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Consumers continue to keep beef on their plates

Consumers continue to keep beef on their plates
Beef demand stays strong and consumers continue to keep beef in their mealtime plans.

While speaking at a recent cattlemen’s meeting, several questions arose around the relationship of retail pricing power, the 2015 market plunge and beef demand. Primarily, the questions focused on whether or not beef demand in the U.S. remains solid. Clearly, that’s an important concern given weak market action during the second half of 2015.  

As a reminder, aggregate demand is a function of both quantity and price. For any product, demand stems from five key factors: population, income, tastes/preferences, expectations and the price of other goods. For beef, the last item, price of other goods, refers to potential price substitution where consumers trade down to pork and poultry.  

Specific to that discussion, the graph below highlights quarterly beef demand since 1990. Beef has had a solid run of improving demand since it bottomed during the third quarter of 2009. In fact, December 2009 was the last time we traded fed cattle at sub-$80 and marks the cycle low/turning point of the rally leading up to the highs established in 2014 and early-2015. Since that time, beef demand has improved almost 25%. More importantly, the 12-month moving average for 2015 now stands at nearly 93 – the best mark since 1992. 

quarterly beef demand

That’s somewhat counter-intuitive in light of recent market dynamics. However, market action of 2015 underscores how important the supply side has been in the sharp decline. That said, it also underscores how critical the efforts of maintaining and growing beef demand are to overall prosperity For some alternative perspective see the discussion on the reversal of direction in feedyard revenue.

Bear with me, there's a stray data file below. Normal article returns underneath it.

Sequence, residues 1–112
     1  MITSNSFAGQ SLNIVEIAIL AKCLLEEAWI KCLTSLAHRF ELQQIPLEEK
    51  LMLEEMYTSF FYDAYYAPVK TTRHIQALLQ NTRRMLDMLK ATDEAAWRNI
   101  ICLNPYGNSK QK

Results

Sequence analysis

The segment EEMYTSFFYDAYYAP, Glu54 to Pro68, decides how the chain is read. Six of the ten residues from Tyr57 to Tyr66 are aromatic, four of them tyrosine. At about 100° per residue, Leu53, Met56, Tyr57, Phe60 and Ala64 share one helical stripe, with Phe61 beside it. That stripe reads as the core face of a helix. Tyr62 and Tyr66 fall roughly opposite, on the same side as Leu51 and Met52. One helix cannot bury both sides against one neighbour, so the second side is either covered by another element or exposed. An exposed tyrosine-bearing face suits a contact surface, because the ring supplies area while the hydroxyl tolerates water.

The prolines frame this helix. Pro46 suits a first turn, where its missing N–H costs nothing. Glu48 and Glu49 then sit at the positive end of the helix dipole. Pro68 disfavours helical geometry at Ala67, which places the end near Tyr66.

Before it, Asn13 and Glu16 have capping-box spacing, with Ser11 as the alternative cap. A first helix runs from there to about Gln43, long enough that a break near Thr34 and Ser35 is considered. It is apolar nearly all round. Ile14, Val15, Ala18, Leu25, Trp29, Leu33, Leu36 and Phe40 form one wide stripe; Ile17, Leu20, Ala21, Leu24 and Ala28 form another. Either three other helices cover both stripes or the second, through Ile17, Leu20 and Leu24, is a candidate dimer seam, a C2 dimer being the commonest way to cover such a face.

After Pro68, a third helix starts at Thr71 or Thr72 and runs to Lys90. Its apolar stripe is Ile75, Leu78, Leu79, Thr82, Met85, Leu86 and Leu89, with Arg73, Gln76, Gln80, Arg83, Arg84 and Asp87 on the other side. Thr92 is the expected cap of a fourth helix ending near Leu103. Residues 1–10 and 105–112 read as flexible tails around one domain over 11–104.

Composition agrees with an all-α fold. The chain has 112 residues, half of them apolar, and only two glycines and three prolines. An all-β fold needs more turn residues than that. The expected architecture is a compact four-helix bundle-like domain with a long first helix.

What are your perceptions around beef demand and its influence on the overall market? What type of market might we have had if demand were weakening? Given consideration of the five factors outlined above, where do you foresee demand going forward?

Leave your thoughts in the comments section below.  

Nevil Speer is based in Bowling Green, Ky., and serves as vice president of U.S. operations for AgriClear, Inc. – a wholly-owned subsidiary of TMX Group Limited. The views and opinions of the author expressed herein do not necessarily state or reflect those of the TMX Group Limited and Natural Gas Exchange Inc.


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